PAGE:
How to crate train a dog


No pet-lover would want to groom an ill-mannered pet that destroys household items.

Dogs that tears up household items are burdens to their owners, thus, learning how to properly crate train a dog is important for all dog owners. This article will teach you all you need to know about crate training a dog.

What’s crate training?

This is the educative method of teaching your dog to find solace in a small comfy crate, when the immediate environment is unbearable for your dog.

There are several reasons for crate training a dog but its major reason is to restrain your dog’s movement within the household in order not to destroy household items.

See how to de-shed a dog

Crates are durable enclosure to transport your pets while in a car.

Types of crates

There are different types and sizes of crates out there in your local pet store.

You should ensure the crate you’re about to purchase serves its purpose of purchase and gives comfortability to your dog.

There are majorly three types of crates which are: plastic, collapsible or rigid fabric crate and collapsible metal crates.

Make sure your preferred crate is appropriate for your dog. See how wireless dog fences can help you put up boundaries.

A growing dog would need a big crate to accommodate its growth in size.

How to properly crate train a dog?

A lot of patience is required to crate train a dog it might take weeks, month or days, it all depends on you and your dog’s intellectual ability.

Don’t rush the process, you have to take a step by step approach to crate train your dog successfully. Always associate the crate with pleasures like, dog treats or dog’s toys.

If you want to properly crate train your dog you should follow the step by step process below.

Get the right crate

After purchasing the right crate that’s appropriate for your dog, you should introduce your dog to the crate.

Open the crate and make it comfortable for your dog by using a dog bed or blanket in the base of the crate to serve as the floor mat for your dog. Allow your dog to enter the crate at will also allow it to familiarize with the inside of the crate at will.

Most dogs after familiarizing with the crate, makes it their natural habitat, but if your dog doesn’t naturally like the crate, you should throw some dog treats inside the it, this will encourage your dog to familiarize with the crate, never force your dog inside the crate.

Change your dog mindset

Associate the crate with relaxation, this will encourage your dog to see the crate as a habitation and not a punishment cell.

Feed your dogs while they’re in the crates. When you feed them consistently in the crate, it’ll change their mindset and they’ll begin to associate the crate to a safe haven.

If your dog does not enter the cage readily, put the meal at the extreme of the crate and when they go inside close the door, immediately they’re done eating, open the door so it doesn’t seem as a trap to them, continue to vary the time of closing the crate’s door until they begin to stay inside it longer than ten minutes.

Practice crate games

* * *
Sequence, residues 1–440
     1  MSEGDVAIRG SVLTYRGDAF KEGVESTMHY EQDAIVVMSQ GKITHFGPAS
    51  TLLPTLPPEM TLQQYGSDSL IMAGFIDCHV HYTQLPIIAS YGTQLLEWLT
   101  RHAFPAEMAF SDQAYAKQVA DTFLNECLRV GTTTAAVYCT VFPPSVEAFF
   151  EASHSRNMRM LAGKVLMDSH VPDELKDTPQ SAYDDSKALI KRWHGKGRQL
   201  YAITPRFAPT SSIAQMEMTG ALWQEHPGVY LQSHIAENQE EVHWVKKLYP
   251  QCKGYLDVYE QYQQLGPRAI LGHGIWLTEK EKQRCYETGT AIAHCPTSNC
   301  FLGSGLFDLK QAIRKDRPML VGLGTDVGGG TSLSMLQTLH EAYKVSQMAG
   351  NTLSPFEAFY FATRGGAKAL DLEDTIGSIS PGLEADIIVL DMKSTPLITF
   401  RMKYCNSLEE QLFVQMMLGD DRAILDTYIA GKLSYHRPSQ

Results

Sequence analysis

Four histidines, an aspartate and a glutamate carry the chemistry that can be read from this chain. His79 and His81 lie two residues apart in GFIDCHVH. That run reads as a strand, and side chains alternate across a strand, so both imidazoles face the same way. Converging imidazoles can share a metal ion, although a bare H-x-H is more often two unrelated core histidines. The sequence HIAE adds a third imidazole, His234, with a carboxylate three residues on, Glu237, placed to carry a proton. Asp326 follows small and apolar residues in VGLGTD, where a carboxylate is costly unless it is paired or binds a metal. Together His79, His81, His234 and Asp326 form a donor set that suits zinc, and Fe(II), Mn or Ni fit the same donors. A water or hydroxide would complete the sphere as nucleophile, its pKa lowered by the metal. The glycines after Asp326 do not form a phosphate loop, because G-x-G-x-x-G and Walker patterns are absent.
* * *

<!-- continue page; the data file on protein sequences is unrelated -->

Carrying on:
Your dogs should always see the crate in a positive manner, ensure you play games with them in the crate, allow your dog to go pick treats or balls in and out of the crate, this kind of game associate happiness with the crate.

Practice crate commands

When your dog is no longer scared of the crate, start to practice crate commands. Call your dog to the crate, give it a command to go inside the crate. You can help them by pointing towards the crate.

If your dog goes inside willingly give it a treat and shut the crate’s door.

Stay around them for about ten minutes then move away for a while then come back to sit and stay with your dog for five minutes, then let your dog out.

Repeat this drill five times everyday.

Pet your dog to bed in the crate

Ensure your dog is free from collars, tags and leaches while inside the crate, in order not to injure itself while it stays there.

Always crate your dogs at night, let your dogs go to bed in the crate.

Also, place the crate near you, so your dogs doesn’t feel you’re neglecting them. Do not shut the crate’s door so they can go out freely when they want to pass out waste. Dogs don’t like messing their habitat.


Using a crate to train your dog isn’t a silver bullet to solve all your dog’s bad behaviors, but there’s always a huge difference if they’re crate trained properly, these are some things you shouldn’t do with the crates.

  • Don’t imprison your dogs with their crates, it shouldn’t serve as a correctional facility for their mistakes because they’ll begin to hate the crates.

See how to exercise your dog indoors

  • Don’t crate puppies that are less than six months old for too long. Young puppies should stay in the crate maximally for 3 hours.
  • Crating your puppies for long would deprive them of strength they draw from playing and walking around, also puppies can’t hold their waste for long, keeping them in crates would force them to mess their crate which isn’t good for their overall health.
  • Don’t crate your adult dogs when they have learned how to behave inside the house.
  • If your dog no longer display destructive behavior allow them to move freely around your house, but keep an eye on them.


Crate training a dog can take quite some time. Don’t rush the process, take it slowly with your dogs and exercise patience with them. You should anticipate a six months regular training process before they’ll get to like the crate and understand how to behave inside the house.